New Freedom Reforming Zeal Burning Eloquence Superb Powers of Leadership Went over the heads of the political bosses to appeal to the people http://www.visitingdc.com/images/woodrow-wilson-picture.jpg
New Nationalism Teddy Roosevelt & Progressives Progressives Progressives New FreedomWoodrow Wilson & Democrats/Progressives More active gov’t role in economic and social affairs More active gov’t role in economic and social affairs Disagreed on strategies on how to create this active gov’t role consolidate trusts consolidate labor unions all under bigger regulatory gov’t agencies Women suffrage minimum wage laws small enterprise, entrepreneurship unregulated and unmonopolized markets no social welfare but “fairer” competition * no regulation of big business but use antitrust laws to break up big businesses into smaller units
New Nationalism Teddy Roosevelt & Progressives Progressives Progressives New FreedomWoodrow Wilson & Democrats/Progressives Disagreed on strategies on how to create this active gov’t role So What? * the election of 1912 wasn’t just a choice in policies but a choice in economic and political philosophies. *when was the last time we talked about that?
Wilson The Idealist 1/2 way between a dictionary and the bible Reconstruction = ideal of self-determination? Jeffersonian faith in the masses - the educated masses Moralist http://www.visitingdc.com/images/woodrow-wilson-picture.jpg
Wilson The Ultimate Progressive Assault on triple wall of privelage 1. tariff - Underwood Simmons Tariff Act 1913 (16th amendment) 2. banks - * Federal Reserve Act 1913 3 . trusts -Federal Trade Commision Act 1914 Clayton Anti-Trust Act 1914 http://www.visitingdc.com/images/woodrow-wilson-picture.jpg
During his first term in office, the House passed a law making racial intermarriage a felony in the District of Columbia.
His new Postmaster General also ordered that his Washington offices be segregated, with the Treasury and Navy soon doing the same.
Suddenly, photographs were required of all applicants for federal jobs. When pressed by black leaders, Wilson replied, "The purpose of these measures was to reduce the friction. It is as far as possible from being a movement against the Negroes. I sincerely believe it to be in their interest."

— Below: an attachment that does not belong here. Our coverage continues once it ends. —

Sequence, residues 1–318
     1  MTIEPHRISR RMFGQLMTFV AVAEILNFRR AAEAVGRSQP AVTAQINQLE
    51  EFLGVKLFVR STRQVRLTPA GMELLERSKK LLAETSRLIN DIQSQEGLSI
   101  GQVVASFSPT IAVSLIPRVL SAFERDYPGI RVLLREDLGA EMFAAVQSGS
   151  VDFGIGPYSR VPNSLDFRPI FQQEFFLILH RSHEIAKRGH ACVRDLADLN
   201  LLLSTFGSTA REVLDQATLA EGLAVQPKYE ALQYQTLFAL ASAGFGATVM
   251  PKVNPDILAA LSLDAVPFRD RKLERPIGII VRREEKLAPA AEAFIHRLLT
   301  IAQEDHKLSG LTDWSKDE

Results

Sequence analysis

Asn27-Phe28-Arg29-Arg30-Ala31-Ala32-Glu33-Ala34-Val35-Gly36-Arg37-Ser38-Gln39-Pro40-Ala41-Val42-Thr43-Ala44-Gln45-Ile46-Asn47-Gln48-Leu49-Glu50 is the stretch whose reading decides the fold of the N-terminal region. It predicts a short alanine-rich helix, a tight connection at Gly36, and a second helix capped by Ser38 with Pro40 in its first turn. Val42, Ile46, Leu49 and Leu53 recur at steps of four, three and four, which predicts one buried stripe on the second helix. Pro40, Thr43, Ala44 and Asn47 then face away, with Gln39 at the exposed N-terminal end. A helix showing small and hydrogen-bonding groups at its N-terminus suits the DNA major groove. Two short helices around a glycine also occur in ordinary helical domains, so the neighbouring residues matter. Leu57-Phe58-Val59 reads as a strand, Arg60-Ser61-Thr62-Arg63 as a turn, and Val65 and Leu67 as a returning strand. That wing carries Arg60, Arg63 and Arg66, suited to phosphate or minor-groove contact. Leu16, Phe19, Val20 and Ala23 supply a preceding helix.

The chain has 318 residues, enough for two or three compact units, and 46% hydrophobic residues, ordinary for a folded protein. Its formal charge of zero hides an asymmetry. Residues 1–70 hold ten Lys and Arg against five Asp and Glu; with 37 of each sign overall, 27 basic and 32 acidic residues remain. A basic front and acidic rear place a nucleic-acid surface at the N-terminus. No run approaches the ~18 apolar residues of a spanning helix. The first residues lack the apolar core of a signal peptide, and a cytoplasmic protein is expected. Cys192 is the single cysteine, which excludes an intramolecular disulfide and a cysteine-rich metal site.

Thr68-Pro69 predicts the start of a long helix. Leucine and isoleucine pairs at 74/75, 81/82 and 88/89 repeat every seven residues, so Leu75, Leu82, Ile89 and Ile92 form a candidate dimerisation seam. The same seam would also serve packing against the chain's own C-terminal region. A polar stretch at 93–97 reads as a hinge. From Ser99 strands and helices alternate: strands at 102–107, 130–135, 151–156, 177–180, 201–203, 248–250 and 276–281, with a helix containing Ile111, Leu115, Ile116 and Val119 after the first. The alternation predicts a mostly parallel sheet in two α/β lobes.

Control through Terror
During the progressive years, lynching of blacks reached alarming proportions. in 1910, mobs lynched 67 blacks and 9 whites. While the KKK, most well known for its anti-black activites, dissolved between 1880 adn 1915, local white groups terrorized blacks as a means of control.
Your task is to examine the document and consider various viewpoints
Control through Terror
View points of:
a member of the white circle
a black resident of idabel, okla
the county sheriff
a detective sent by the Justice dept to investigate the situation
Considerthe most appropriate role of the federal gov’t regarding secret, and sometimes violent, organizations.
Wilson and Civil Rights http://www.pbs.org/wgbh/amex/wilson/images/portrait/wp_txt/pw_txt_aa_01.gif As president, Wilson confronted a new generation of militant African American leaders, men like William Monroe Trotter, W.E.B. Du Bois and Marcus Garvey, who had begun to challenge their more conservative elders - and the expectations and assumptions of much of white America. Universal Negro Improvement Association marcus Garvey W.E.B. DuBois
Wilson and Civil Rights Birth of a Nation Birth of a Nation NAACP and the clansmen
Victoriano Huerta seizes control of Mexico and puts Madero in prison where he was murdered.
Venustiano Carranza, Pancho Villa, Emiliano Zapata, and Alvaro Obregon fought against Huerta.
The U.S. also got involved by occupying Veracruz and Huerta fled the country.
Eventually Carranza would gain power in Mexico.
Mexican Revolution 1910s Emiliano Zapata Franciso I Madero Venustiano Carranza Pancho Villa Porfirio Diaz General John J. Pershing with Pancho Villa in 1914.
Wilson’s “Moral Diplomacy”
The U. S. should be the conscience of the world.
U.S. Global Investments and Latin American Investments 1914
U.S. Interventions in Latin America 1898-1920s